Will the preservation of the wealth continue or dry up?
John D. Rockefeller.
You have heard of him.
He was a billionaire ... back when that was "real" money.
He also created one of the most successful estate plans in American history.
His wealth was preserved and passed to his children.
Then to his grandchildren.
Now his last grandchild, David, has passed.
According to a recent Trust Advisor article titled “Dynastic Gamesmanship: Did David Rockefeller’s Crafty Trust Work Leave the IRS Holding the Bag?,” the trust will have to adapt as it is passed completely to the generation of John’s great-grandchildren.
The trust holds much wealth.
Since then, legions of financial advisors have worked throughout the generations to save the assets from the estate tax while allowing the money to increase.
Why will the estate plan need to change?
When Jonathan created his will beneficiaries could only include those already born.
What does this mean?
Taxes may be due at the death of the final named beneficiary for this initial trust.
Who is this heir you ask?
John D. Rockefeller’s great-niece Abby Milton O’Neill.
Even after this tax bill is paid, the Rockefeller wealth is not likely to dry up.
The initial estate planning was impeccable for its time.
Since then, the financial advisors and estate planning attorneys for the Rockefeller family have adapted and managed the trust to allow for continual growth and wealth preservation.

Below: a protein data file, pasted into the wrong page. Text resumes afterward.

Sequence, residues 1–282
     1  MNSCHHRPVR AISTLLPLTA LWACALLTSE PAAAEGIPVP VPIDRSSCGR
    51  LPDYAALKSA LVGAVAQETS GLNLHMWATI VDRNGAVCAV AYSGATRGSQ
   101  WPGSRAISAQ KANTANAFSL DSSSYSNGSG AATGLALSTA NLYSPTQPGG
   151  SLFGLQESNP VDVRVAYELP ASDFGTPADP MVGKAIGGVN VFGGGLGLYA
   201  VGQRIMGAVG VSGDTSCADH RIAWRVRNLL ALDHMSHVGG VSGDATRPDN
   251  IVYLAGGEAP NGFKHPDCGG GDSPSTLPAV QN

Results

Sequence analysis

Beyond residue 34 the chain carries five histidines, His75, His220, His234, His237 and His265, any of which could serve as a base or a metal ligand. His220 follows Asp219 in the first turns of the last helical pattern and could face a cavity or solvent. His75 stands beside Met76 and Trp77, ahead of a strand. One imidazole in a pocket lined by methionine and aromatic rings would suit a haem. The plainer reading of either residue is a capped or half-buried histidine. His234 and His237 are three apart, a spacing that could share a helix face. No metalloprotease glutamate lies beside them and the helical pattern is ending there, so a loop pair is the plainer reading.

You probably do not have billions in assets, but smart estate planning will still put you and your loved ones in a better place.
Work with an experienced estate planning attorney to create an estate plan specific to your needs and goals.
So, how do you find an "experienced" estate planning attorney?
First, ask around. Friends, family and other professional advisors are trustworthy sources.
Second, conduct an "organic" search on "Google" for "estate planning" near you (e.g., "Estate Planning Anytown MoKan").
Third, either way, verify! Check out the education, experience, ratings and client reviews of any attorney before you contact him or her.
In fact, I use both of these services to thoroughly vett attorneys before referring members of our "client" family for legal help in other areas of law or for matters in jurisdictions outside Kansas or Missouri.
Remember: “An ounce of prevention is worth a pound of cure.” When making your financial, tax and estate plans, do not go it alone. Be sure to engage competent professional counsel.
For more information about estate planning in Overland Park, KS (and throughout the rest of Kansas and Missouri), visit our estate planning website and be sure to subscribe to our complimentary estate planning e-newsletter while you are there.
Reference: Trust Advisor (March 27, 2017) “Dynastic Gamesmanship: Did David Rockefeller’s Crafty Trust Work Leave the IRS Holding the Bag?”